Stay Cool When It’s Hot
In Texas, trying to keep your home cool when it’s hot outside can be a challenge. Our warmer weather means that air conditioning accounts for a higher portion of our homes’ energy use, compared to other areas of the United States. Luckily, there are simple, inexpensive actions that can help you maintain a comfortable indoor temperature, while saving energy and money during summer months.
Tips to Save on Summer Air Conditioning Costs
Maintain Your Air Conditioner
Maintaining your air conditioner can help improve your comfort and the efficiency of your air conditioner while prolonging the life of your unit. Routinely replace or clean your air filters. This is the quickest way to save on home cooling. Vacuum registers regularly to remove any dust buildup. Ensure that furniture and other objects are not blocking the airflow through your registers.
Adjust Your Thermostat
Install and set a programmable thermostat, it could help you save up to ten percent on heating and cooling costs a year. Or simply change your existing temperature settings to be as high as comfortably possible in the summer. Also, adjust your thermostat to keep your home warmer than normal when you’re away.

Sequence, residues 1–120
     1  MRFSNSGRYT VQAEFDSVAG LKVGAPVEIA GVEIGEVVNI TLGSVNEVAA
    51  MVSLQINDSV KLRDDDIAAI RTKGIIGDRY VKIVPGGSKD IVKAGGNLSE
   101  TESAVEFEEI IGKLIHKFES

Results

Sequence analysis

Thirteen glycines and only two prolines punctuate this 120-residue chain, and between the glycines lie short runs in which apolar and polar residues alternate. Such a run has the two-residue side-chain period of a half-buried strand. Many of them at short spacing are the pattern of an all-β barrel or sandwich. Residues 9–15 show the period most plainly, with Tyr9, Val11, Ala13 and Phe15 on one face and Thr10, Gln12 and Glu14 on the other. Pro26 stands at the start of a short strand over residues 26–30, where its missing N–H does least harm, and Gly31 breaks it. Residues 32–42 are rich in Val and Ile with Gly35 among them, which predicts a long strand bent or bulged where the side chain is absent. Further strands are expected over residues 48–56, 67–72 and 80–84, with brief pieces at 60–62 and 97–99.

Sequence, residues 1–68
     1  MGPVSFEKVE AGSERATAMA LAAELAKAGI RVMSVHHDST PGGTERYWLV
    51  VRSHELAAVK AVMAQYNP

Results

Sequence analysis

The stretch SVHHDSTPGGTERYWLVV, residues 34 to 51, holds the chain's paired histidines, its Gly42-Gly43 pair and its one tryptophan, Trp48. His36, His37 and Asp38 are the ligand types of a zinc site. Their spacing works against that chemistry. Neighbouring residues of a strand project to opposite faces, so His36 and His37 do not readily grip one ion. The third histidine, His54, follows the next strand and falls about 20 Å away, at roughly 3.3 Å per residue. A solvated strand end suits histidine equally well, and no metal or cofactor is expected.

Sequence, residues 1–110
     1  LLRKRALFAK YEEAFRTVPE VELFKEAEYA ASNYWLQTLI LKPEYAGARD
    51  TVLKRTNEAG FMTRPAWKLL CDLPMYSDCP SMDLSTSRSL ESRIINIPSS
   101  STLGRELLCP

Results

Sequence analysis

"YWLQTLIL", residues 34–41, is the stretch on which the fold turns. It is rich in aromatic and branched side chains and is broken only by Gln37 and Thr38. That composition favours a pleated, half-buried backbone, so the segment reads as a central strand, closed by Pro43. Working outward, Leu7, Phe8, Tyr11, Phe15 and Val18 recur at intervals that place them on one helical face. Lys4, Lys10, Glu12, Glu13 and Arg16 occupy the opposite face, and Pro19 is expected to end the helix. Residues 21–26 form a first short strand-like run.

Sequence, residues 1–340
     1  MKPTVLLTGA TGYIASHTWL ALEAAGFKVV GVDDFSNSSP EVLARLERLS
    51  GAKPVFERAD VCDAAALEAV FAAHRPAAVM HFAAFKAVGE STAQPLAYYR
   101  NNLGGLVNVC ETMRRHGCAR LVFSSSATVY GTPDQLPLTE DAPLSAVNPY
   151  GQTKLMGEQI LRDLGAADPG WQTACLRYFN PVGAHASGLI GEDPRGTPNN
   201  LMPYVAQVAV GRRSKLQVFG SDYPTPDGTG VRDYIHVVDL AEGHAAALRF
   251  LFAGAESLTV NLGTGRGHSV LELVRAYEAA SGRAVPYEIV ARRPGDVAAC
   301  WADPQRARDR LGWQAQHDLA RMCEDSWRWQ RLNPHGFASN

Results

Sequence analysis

Use Fans to Stay Cool
Running a bathroom fan when taking a shower and a range hood fan when cooking will help remove heat and humidity from your home. Make sure bathroom and kitchen fans are vented to the outside, not just the attic. Ceiling fans will allow you to raise the thermostat setting about four degrees without impacting your comfort. Remember, ceiling fans cool people, not rooms, so turn off your fan when you leave the room.
Insulate and Seal Your Home
Insulate your attic and walls, and seal cracks and openings to prevent warm air from leaking into your home. Add caulk or weather stripping to seal air leaks around leaky doors and windows. Also, insulate and seal air ducts—air loss through ducts accounts for about 30 percent of a cooling system’s energy consumption.
Don’t Let Heat Build Up
Appliances and lighting add heat to your home. Whip up your favorite dishes outside on your grill instead of heating up your kitchen by cooking inside. Consider running your dishwasher and washing machine during cooler parts of the day. And, install efficient light bulbs, which produce less heat than incandescent bulbs.
Cover Your Windows
Install energy-efficient window coverings that let natural light in, while preventing solar heat gain. Close shades to block out heat, especially on east-and west-facing windows, which admit a lot of heat during the summer. You can leave the shades on south- and north-facing windows open to allow you to take advantage of natural light without letting in much summer heat.